In Redbridge we are working hard to ‘Say No’ to bullying. This makes communities, clubs, schools and all the other places where young people go, safer places to be.
How do I know if I am being bullied?
Bullying is when someone chooses to say or do things that make you feel unhappy or scared. The behaviour is not just a one-off – it goes on and on, and you just don’t feel that there is any way of defending yourself against it.
Sometimes friends fall out and this can be upsetting. It is not bullying when you disagree with someone about something or have words about something. In these situations it’s just a one off and you feel you can do something to make it better or sort it out.
Sometimes just one person is behaving like this. Sometimes it can be a group of people. Often, in a group of people there are some people joining in, and others who are just standing there. Some people won’t be very comfortable with the behaviour, but look like they are supporting it because they don’t say anything to stop it, or because they stay around.
Bullying can include:
- Hitting, kicking or pinching you
- Saying mean things about you
- Calling you names because of your race
- Saying nasty things about you because of your language, religion or culture
- Saying nasty things about you because of the way you look
- Calling you names like ‘stupid’
- Threatening you
- Taking things from you or damaging your things
- Calling you ‘Gay’, ‘Lezza’ or other names. (It doesn’t matter whether you are gay or not, it’s still bullying)
- Putting you down because of your gender
- Spreading rumours about you
- Ignoring you or leaving you out- this can be ‘virtual’ on social networking sites as well as in the ‘real world’
- Sending rude or threatening texts or emails or mobile phone videos
- Putting unpleasant things on the internet about you
Why are they picking on me?
No-one deserves to be bullied. Bullies can make up lots of reasons for being mean, and saying or doing nasty things, but none of these reasons are any good. Remember you are not alone, and there are people who can support you.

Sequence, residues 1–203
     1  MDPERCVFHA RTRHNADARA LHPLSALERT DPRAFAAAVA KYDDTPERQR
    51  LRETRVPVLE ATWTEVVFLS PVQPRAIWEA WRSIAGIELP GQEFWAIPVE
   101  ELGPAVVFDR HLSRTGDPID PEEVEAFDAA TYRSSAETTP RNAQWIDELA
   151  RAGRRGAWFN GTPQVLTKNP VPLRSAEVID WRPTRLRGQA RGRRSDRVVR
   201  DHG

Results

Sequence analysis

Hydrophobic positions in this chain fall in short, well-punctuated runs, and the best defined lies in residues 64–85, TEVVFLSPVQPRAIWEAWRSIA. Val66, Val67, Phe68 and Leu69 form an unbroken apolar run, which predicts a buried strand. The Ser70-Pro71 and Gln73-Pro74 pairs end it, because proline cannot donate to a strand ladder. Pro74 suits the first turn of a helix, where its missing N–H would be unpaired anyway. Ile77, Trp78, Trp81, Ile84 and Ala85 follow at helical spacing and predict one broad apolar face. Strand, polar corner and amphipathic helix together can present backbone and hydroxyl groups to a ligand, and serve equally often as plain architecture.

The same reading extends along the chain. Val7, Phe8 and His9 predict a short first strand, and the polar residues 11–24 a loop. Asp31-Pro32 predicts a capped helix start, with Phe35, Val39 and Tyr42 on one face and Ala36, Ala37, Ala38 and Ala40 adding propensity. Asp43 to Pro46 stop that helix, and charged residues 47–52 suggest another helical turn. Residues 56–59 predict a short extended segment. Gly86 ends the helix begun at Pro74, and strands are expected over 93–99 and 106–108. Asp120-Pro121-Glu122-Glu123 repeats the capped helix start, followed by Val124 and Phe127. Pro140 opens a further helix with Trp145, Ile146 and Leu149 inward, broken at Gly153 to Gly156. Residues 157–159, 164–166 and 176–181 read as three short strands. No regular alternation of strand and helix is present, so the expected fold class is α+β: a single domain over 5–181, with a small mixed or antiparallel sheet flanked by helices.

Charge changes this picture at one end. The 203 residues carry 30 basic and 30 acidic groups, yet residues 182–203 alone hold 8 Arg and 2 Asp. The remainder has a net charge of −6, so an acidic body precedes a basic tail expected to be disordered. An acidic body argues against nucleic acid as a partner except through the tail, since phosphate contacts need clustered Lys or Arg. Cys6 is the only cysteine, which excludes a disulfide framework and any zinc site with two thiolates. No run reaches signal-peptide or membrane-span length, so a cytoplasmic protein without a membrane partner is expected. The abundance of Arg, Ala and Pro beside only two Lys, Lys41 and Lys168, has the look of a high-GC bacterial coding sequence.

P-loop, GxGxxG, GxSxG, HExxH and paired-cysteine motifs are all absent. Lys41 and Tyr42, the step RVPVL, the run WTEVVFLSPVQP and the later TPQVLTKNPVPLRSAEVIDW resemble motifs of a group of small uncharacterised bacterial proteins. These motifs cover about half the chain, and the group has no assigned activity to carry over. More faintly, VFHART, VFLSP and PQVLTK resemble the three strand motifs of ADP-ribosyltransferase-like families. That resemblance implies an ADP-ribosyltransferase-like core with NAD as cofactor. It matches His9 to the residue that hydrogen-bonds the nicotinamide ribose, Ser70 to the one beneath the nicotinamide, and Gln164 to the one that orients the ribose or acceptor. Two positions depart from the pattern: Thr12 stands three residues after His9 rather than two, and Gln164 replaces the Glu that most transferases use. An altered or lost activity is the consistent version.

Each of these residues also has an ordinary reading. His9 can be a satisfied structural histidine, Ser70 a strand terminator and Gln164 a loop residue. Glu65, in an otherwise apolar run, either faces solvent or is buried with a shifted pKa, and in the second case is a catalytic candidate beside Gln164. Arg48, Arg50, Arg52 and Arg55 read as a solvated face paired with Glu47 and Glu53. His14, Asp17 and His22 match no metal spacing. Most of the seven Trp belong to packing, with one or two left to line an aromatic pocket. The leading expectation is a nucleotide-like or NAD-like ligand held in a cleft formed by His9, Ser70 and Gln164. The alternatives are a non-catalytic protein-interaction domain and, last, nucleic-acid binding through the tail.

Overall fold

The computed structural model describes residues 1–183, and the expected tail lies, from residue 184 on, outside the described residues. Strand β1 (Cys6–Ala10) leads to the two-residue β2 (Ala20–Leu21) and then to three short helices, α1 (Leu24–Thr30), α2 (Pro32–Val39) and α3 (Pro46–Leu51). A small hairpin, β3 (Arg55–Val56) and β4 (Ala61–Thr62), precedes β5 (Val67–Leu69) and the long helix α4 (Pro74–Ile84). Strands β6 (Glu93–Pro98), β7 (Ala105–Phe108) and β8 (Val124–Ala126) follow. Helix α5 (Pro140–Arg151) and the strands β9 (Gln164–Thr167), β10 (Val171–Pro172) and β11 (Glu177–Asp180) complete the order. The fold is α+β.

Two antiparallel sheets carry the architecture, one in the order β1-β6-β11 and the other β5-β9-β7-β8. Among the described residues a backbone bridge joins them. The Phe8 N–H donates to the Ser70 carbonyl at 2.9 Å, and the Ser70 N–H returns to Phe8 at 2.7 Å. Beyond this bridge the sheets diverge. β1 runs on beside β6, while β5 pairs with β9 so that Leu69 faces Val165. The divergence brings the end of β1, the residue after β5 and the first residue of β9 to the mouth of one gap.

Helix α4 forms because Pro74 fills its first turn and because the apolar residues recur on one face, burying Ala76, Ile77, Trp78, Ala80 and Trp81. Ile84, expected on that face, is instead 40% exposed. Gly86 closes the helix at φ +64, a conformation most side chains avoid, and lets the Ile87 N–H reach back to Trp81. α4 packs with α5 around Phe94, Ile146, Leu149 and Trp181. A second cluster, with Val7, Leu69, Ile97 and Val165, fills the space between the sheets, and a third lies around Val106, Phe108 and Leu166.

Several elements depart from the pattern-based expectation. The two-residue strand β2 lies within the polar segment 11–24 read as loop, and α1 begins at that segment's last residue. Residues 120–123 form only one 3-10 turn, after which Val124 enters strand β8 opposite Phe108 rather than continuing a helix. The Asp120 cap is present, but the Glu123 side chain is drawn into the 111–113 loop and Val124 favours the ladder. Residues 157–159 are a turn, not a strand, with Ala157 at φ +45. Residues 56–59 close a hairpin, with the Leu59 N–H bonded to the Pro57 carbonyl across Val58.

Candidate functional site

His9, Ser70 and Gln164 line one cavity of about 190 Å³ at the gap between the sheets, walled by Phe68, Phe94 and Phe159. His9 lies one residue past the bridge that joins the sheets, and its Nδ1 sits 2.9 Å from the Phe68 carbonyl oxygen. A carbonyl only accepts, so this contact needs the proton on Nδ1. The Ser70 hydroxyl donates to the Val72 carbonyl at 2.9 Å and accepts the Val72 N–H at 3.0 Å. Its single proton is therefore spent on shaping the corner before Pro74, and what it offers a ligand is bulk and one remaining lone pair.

What can I do if I am being bullied?
It can be helpful to talk to an adult you can trust, so they can help it to stop. Some people find a teacher they can confide in, other people choose a parent or a relative. You can also phone places like ChildLine, (0800-1111) for advice or support. ChildLine is there to listen, to help you talk about anything you need to. Your call will be confidential unless they think that you or someone else is in danger or at risk of harm. You can call from a home phone, mobile or phone box, and the calls are free. The number won’t show up on bills if you are phoning from a mobile or home phone, so nobody will know that you have called. If you don’t feel that you can talk to any of these people, you could look at the links on this Website under ‘Where to get help’.
Here are some other things that you can do:
- Try and look calm and confident (this can be difficult at times). Some bullies are trying to get you to look upset and you can take way their fun by refusing to give them what they want.
- Does your school have a peer mentoring system? It can be useful to talk to another student who has been trained to give you support.
- Think about when the bullying happens. Can you avoid that place or person? Can you get support from friends so you aren’t on your own?
- Try and do thinks to give yourself a boost. Try joining a club, self-defence, art, dance, or martial arts. All of these activities can help you feel more confident.
- Does your school have a ‘Comments box’ or confidential e-mail system for reporting bullying? If you let people know about your worries, your teacher could spend some time discussing with your class ideas about how to deal with bullying.
- Ask about your schools ‘Anti-bullying policy. This can help you find out what your school plans to do to help you if you are bullied.
- Be cautious with your personal details- email address, phone number home address. Don’t give them out to people you don’t know.